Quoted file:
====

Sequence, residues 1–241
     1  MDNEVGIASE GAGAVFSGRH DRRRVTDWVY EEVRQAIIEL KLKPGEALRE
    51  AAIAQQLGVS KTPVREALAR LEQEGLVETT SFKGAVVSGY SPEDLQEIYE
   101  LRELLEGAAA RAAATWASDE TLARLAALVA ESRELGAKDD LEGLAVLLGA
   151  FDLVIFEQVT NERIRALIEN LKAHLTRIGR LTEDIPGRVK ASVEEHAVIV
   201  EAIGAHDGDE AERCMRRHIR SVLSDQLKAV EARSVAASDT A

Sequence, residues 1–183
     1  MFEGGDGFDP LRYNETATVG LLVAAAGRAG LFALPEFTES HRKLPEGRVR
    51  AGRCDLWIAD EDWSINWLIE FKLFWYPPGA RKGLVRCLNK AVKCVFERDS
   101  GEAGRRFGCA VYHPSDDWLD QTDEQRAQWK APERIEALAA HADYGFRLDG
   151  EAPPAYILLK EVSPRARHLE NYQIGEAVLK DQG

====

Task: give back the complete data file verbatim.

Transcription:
Sequence, residues 1–241
     1  MDNEVGIASE GAGAVFSGRH DRRRVTDWVY EEVRQAIIEL KLKPGEALRE
    51  AAIAQQLGVS KTPVREALAR LEQEGLVETT SFKGAVVSGY SPEDLQEIYE
   101  LRELLEGAAA RAAATWASDE TLARLAALVA ESRELGAKDD LEGLAVLLGA
   151  FDLVIFEQVT NERIRALIEN LKAHLTRIGR LTEDIPGRVK ASVEEHAVIV
   201  EAIGAHDGDE AERCMRRHIR SVLSDQLKAV EARSVAASDT A

Sequence, residues 1–183
     1  MFEGGDGFDP LRYNETATVG LLVAAAGRAG LFALPEFTES HRKLPEGRVR
    51  AGRCDLWIAD EDWSINWLIE FKLFWYPPGA RKGLVRCLNK AVKCVFERDS
   101  GEAGRRFGCA VYHPSDDWLD QTDEQRAQWK APERIEALAA HADYGFRLDG
   151  EAPPAYILLK EVSPRARHLE NYQIGEAVLK DQG